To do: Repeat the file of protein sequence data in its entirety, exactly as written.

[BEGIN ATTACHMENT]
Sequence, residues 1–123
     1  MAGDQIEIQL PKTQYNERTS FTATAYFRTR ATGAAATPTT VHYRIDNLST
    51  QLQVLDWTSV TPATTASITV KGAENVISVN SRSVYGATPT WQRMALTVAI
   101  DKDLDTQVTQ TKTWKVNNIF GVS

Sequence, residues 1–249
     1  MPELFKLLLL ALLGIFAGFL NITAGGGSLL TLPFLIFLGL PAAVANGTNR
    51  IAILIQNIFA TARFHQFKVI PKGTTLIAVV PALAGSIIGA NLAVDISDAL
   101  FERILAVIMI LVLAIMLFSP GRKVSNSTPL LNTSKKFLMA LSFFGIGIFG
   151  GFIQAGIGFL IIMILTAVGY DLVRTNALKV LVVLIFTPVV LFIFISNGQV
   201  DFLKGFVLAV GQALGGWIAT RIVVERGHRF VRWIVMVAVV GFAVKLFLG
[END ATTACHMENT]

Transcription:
Sequence, residues 1–123
     1  MAGDQIEIQL PKTQYNERTS FTATAYFRTR ATGAAATPTT VHYRIDNLST
    51  QLQVLDWTSV TPATTASITV KGAENVISVN SRSVYGATPT WQRMALTVAI
   101  DKDLDTQVTQ TKTWKVNNIF GVS

Sequence, residues 1–249
     1  MPELFKLLLL ALLGIFAGFL NITAGGGSLL TLPFLIFLGL PAAVANGTNR
    51  IAILIQNIFA TARFHQFKVI PKGTTLIAVV PALAGSIIGA NLAVDISDAL
   101  FERILAVIMI LVLAIMLFSP GRKVSNSTPL LNTSKKFLMA LSFFGIGIFG
   151  GFIQAGIGFL IIMILTAVGY DLVRTNALKV LVVLIFTPVV LFIFISNGQV
   201  DFLKGFVLAV GQALGGWIAT RIVVERGHRF VRWIVMVAVV GFAVKLFLG